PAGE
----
Kay Speidel, “Rhythms and Songs for the Orixás: Pedagogy and Practice of Afro-Brazilian Candomblé Drumming”
Mentor: Andy Miller, Dance
Oral Presentation Block 2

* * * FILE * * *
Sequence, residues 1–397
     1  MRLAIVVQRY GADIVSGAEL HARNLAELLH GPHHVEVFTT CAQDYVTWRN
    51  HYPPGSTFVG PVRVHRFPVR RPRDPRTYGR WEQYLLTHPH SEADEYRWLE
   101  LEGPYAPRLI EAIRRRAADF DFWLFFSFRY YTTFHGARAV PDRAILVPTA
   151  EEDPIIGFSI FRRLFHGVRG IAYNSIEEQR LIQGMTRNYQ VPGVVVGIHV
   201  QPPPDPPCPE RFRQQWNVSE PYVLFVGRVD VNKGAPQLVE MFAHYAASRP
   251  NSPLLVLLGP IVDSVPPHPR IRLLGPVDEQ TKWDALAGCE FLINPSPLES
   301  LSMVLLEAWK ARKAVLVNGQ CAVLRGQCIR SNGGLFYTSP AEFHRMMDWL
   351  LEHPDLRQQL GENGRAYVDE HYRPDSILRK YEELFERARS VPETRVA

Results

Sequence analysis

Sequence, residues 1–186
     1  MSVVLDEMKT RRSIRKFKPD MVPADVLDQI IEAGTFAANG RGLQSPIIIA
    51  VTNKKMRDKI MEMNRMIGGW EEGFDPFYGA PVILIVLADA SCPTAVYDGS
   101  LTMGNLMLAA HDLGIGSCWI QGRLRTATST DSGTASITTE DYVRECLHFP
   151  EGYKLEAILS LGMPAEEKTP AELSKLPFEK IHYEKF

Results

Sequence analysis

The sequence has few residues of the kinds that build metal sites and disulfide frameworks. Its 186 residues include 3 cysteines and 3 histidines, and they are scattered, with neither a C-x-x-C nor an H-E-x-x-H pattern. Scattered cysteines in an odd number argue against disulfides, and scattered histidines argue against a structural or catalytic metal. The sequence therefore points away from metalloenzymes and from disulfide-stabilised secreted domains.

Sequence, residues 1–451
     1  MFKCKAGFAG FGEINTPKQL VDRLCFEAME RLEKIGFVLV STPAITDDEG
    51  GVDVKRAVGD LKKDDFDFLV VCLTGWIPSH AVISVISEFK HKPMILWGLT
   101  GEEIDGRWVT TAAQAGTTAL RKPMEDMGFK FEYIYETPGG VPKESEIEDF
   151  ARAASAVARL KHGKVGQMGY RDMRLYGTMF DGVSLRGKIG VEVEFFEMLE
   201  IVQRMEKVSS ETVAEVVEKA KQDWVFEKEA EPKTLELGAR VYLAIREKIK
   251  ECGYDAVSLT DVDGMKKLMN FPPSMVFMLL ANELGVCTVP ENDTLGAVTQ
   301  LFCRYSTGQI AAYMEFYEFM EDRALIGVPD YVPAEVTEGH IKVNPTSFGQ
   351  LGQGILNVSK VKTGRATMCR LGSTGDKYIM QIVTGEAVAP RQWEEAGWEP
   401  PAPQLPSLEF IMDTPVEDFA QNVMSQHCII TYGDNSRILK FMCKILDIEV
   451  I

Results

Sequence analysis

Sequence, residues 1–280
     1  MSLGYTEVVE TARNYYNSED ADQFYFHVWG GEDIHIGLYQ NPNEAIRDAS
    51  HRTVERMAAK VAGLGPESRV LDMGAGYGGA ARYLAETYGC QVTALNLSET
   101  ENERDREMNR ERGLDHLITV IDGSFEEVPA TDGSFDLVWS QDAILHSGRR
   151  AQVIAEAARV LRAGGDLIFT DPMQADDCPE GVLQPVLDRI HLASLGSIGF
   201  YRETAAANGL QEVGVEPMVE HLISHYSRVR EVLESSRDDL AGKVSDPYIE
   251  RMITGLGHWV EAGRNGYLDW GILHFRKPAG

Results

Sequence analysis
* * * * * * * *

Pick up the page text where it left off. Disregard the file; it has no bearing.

American universities historically have prioritized Western classical music as the object of study. This has led to the development of time-efficient strategies for learning, primarily using written notation and explicit verbal instructions to quickly prepare for public performances. There is an increasing amount of non-Western percussion music being studied in the university percussion curriculum (Steel Bands, Gamelan, African Drumming, etc.) However, these non-Western percussion genres are typically learned over a long period of time through the process of enculturation, which is primarily achieved through aural learning. Unfortunately, learning non-Western music within Western institutional limitations (time, space, expectation of public performances) often results in compromising the learning methods used within the original cultural context. This leads us to our primary research questions: 1) How can music transmission within Candomblé be recontextualized to the university percussion ensemble? 2) What comprises a lesson plan that effectively emulates the transmission processes of Candomblé music? For our research, we taught Candomblé rhythms and songs to the UWM percussion ensemble from November 2021 to February 2022, resulting in a public performance. Preceding this, we studied Candomblé and investigated how it is transmitted in cultural context through conversations with master drummer Jorge Alabê. Based on this research, we developed and taught lesson plans to the percussion ensemble that centered aural and holistic learning as the central processes. We collected student reflections which revealed significant pedagogical themes. While aural learning was a challenging new process, students felt that it resulted in better visual communication within the ensemble and a more holistic conception of how each part fits together, contributing to the feeling of group unity. The conclusion of this study highlights the importance of emulating how music is transmitted within cultural context, thereby supporting institutional shifts in the university percussion curriculum to adapt to the mode of transmission needed for each musically genre studied.